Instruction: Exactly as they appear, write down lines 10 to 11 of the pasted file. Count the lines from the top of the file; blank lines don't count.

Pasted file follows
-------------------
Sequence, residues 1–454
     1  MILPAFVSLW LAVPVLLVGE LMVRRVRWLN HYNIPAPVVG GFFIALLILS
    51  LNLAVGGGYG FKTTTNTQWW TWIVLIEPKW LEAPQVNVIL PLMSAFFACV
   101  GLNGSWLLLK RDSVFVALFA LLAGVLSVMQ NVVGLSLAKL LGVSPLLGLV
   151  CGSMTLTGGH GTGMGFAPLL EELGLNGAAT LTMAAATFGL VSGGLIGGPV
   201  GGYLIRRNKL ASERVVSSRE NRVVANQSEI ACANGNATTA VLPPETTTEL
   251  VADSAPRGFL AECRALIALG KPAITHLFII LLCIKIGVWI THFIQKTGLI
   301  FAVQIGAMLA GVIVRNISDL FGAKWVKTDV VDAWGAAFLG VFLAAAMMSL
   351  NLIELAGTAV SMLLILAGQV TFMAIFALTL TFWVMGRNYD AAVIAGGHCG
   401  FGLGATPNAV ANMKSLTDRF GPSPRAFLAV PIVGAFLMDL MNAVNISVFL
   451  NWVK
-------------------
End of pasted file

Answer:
   401  FGLGATPNAV ANMKSLTDRF GPSPRAFLAV PIVGAFLMDL MNAVNISVFL
   451  NWVK